For Schales You Need a Leek

Learn what kind of dish is "schales," where it is from, and why you need leeks and potatoes.

Schales dish

Crustless schales is a beloved Pennsylvania Dutch recipe.

Photo courtesy RobCardillo.com

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Schales (pronounced SHAH-less) is a delightfully practical old-time dish well-known in the Pennsylvania Dutch Country, but not much beyond that. In simplest terms it’s a vegetable pie without crust. Thus it offers vegetarians a new alternative in creative cooking, and for weight-watchers an ideal way to count calories with a broad range of low-fat options.

The name of the dish derives from the German word Schale, a shell or shallow bowl. Both words—shell and shallow—are English cognates of this German root. Thus the pie has assumed the name of the utensil in which it is cooked; much the same way French cassoulet (a baked bean dish) takes its name from the earthenware pot in which the food is prepared.

From an historical standpoint, Schales appears to be an extremely ancient dish, surviving almost intact from the days when the Roman Empire included parts of the modern German Rhineland. Most Germans today—at least those who know Schales—will tell you it is a potato dish because that is how it took shape in the 19th century peasant cookery of southwest Germany. However, the core ingredient has always been leeks, so leek lovers rejoice: Here’s a perfect way to make a flavorful meal with Baker Creek’s Bleu de Solaise, Carentan, and Giant Musselburgh leeks.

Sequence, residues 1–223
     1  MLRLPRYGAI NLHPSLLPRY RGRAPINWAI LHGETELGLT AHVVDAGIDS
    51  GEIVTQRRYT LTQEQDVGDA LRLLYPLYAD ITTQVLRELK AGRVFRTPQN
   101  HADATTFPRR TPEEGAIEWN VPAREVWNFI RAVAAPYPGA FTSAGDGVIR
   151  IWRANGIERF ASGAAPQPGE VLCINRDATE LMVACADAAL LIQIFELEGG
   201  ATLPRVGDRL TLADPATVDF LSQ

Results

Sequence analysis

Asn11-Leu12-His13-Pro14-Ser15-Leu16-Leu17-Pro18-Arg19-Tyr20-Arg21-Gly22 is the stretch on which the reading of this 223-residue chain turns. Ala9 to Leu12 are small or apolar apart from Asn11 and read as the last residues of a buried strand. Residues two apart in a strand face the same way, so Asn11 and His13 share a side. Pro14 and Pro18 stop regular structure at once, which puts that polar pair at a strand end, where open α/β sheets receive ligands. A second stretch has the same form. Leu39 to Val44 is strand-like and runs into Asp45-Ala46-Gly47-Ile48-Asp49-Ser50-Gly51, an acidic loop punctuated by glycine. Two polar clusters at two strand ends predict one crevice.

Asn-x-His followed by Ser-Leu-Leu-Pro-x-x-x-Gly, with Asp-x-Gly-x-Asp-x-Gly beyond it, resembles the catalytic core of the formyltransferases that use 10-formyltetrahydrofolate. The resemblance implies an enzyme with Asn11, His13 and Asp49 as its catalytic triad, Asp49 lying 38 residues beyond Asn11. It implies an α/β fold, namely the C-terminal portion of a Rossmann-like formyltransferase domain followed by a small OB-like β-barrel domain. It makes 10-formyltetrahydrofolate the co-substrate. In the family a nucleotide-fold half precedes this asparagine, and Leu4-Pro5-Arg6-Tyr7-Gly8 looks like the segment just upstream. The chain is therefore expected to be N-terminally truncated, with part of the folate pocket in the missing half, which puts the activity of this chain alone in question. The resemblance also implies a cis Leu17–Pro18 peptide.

The original idea behind Schales was to make porridge and then bake it so that it would become finger food. Porridge in the oldest sense of the word consisted of vegetables cooked with leeks because the word porridge derives from Latin porrum, the common word for leeks. Most people today use the word porridge when they really mean gruel: the same thing made with grains. In any case, now that we have sorted that out, why not celebrate these ancient roots with a leek fest in your own kitchen?

The traditional Schales is held together with eggs, so in that sense it is a crustless egg-and-vegetable pie. If you imagine that this sounds a little bit like a quiche, you are spot on. Quiche derives from the German word Küche (cake or pie), and can thus be described as a deep-dish onion Schales. The main difference between the two is that Schales is indeed very flat like its distant cousin the pizza.

But let’s talk recipes, because cooking with heirlooms is the reason we grow them, and an excellent reason to create a leek bed in your kitchen garden. The really great thing about leeks, aside from their mild flavor, is that you can harvest them fall, winter, and spring: they are a real cornerstone of cold-weather cookery.

Once you master the basic structure of a Schales, you can branch out and create your own variations with whatever odds and ends you may have in the cold room or pantry. Just keep in mind that a Schales is broad and quite flat so you will need to choose a cake pan or baking dish that fits the bill, preferably something that is anywhere from 11 to 14 inches in diameter. Earthenware is the best choice because the mellow, radiant heat creates a delicious gold crust on the bottom.


William Woys Weaver is an internationally known food historian, author, and heirloom gardener living in Devon, Pennsylvania.